Just under 1% of American teenagers are knowingly using the synthetic drug flakka, according to new research.
“The main finding was that less than 1% of high school seniors are estimated to have used flakka in the past year,” said Joseph Palamar, an associate professor of population health at NYU Langone and lead author of the study, published Tuesday in the journal Drug and Alcohol Dependence.
The research, which Palamar said is the first national study on flakka use, analyzed data from Monitoring the Future, an annual survey that looks at drug use in high school students, conducted by the Institute for Social Research at the University of Michigan.
The study found that of the students who said they had used flakka in the previous year, 19.2% had used it more than 40 times. Those who used it knowingly were more likely to live away from their parents and to have used other drugs.
“The importance is that we are able to draw attention to this dangerous drug right now,” Palamar said. “We finally have prevalence estimates on a national sample, which hasn’t been done yet.”
However, even more people could have used flakka without necessarily knowing it.
“I think a lot of people are using without realizing it, particularly ecstasy users, Molly users,” he said.
Other experts agree.
“The thing that we found very clearly – and we know this from the novel psychoactive substance world – people say they are taking something, but it doesn’t necessarily mean that that’s what’s in it. We know this from ecstasy,” said Dr. Dan Castellanos, chair of the Department of Psychiatry and Behavioral Health at Florida International University, who was not involved in the new research.
In Castellanos’ own research, only one of six samples analyzed actually contained flakka, even though the users believed that’s what they were taking.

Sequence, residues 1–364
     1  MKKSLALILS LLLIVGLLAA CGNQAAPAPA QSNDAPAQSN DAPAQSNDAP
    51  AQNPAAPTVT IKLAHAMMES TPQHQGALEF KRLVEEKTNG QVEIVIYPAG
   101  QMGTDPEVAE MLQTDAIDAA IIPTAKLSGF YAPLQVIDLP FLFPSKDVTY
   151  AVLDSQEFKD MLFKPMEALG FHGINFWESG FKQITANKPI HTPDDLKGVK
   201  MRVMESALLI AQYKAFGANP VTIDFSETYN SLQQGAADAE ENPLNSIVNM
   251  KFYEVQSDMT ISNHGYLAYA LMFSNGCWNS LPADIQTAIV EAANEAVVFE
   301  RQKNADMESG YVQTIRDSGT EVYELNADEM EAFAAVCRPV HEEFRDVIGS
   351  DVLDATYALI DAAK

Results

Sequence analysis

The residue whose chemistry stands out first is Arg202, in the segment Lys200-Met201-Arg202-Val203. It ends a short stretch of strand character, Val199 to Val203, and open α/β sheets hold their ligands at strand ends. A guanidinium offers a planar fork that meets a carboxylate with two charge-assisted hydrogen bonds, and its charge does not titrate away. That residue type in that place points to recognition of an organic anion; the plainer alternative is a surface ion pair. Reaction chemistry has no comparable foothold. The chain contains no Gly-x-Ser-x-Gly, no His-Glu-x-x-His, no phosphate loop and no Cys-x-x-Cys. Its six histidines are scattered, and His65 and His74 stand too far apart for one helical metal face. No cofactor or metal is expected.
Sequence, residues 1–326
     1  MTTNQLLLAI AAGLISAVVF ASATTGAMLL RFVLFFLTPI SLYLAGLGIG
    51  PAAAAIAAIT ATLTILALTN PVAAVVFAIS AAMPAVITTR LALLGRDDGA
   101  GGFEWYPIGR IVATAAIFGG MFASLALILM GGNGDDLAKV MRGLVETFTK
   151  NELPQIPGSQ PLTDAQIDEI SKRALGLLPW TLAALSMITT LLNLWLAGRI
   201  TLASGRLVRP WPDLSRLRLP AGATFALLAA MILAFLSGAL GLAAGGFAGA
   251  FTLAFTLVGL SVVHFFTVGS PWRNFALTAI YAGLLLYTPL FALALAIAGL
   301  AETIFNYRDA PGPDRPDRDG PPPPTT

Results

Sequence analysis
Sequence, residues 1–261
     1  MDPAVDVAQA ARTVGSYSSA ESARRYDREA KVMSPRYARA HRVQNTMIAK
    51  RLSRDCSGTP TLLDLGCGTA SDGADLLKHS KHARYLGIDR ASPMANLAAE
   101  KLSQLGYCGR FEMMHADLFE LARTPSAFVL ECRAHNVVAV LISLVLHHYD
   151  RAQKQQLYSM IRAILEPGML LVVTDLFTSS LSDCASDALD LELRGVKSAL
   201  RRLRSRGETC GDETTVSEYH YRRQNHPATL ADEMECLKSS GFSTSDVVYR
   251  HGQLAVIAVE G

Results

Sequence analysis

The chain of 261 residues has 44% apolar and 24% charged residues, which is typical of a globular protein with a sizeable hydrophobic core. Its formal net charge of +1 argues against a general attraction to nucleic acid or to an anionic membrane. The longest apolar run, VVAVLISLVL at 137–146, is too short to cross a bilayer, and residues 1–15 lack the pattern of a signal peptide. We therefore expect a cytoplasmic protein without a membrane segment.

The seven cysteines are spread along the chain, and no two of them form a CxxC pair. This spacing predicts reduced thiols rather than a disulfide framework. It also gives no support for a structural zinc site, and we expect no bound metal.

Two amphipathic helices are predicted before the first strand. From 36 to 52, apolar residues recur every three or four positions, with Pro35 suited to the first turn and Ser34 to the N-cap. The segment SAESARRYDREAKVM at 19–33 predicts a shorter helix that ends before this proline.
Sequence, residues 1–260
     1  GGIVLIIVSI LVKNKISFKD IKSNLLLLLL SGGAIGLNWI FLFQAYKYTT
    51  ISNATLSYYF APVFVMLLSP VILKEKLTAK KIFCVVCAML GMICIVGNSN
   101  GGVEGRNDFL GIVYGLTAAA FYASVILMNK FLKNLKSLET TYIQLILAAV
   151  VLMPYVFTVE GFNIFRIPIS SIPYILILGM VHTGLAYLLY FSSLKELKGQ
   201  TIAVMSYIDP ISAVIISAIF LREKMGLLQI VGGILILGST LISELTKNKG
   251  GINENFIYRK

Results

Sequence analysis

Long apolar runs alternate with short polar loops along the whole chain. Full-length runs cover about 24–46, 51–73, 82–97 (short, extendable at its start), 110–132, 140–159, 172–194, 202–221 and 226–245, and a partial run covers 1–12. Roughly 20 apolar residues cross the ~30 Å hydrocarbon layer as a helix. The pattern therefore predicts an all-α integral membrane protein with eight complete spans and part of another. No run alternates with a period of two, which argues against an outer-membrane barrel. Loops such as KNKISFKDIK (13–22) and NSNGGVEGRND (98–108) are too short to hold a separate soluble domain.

The stimulant, which Castellanos said has been called “the poor person’s cocaine,” led to 80 deaths in Florida alone between September 2014 and December 2015, according to the new study. There were 2,000 emergency department visits related to its use in Broward County during that period; 15% were people under the age of 25. One of the youngest, according to the research, was a 13-year-old.
Flakka, also known as gravel, is in the class of novel psychoactive substances, Castellanos said. Some related products are called bath salts. It can be smoked, injected or snorted.
“Although they are not like your tub salts, they look like it sometimes,” he said. “These are all novel psychoactive substances, which means that they are made chemically; they are imported; there are multiple variations; there are different peaks and outbreaks over time.”
Flakka is also a stimulant. “It really gets people very, very agitated,” Castellanos said. “That includes things like agitation, effects on all the typical systems of your body, increased blood pressure, pulse, sometimes even your temperature.”
It has also become known for more severe reactions, including one man who broke down hurricane doors after using the drug and a woman who ran through the streets screaming that she was Satan.
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“What really stands out about flakka is the wacky behavior that is sometimes associated with its use,” Palamar said. “It is bizarre, and you will see that word, even in medical journals, because there is no other way to describe it.”
Although not everyone who uses the drug has these reactions, Palamar still cautioned against its use.
“That’s one thing that needs to be known: It doesn’t have that effect on everyone who uses it,” he said. “It is a very dangerous drug. It’s a very potent drug. It’s as potent as methamphetamine.”
Journalist Carina Storrs contributed to this report.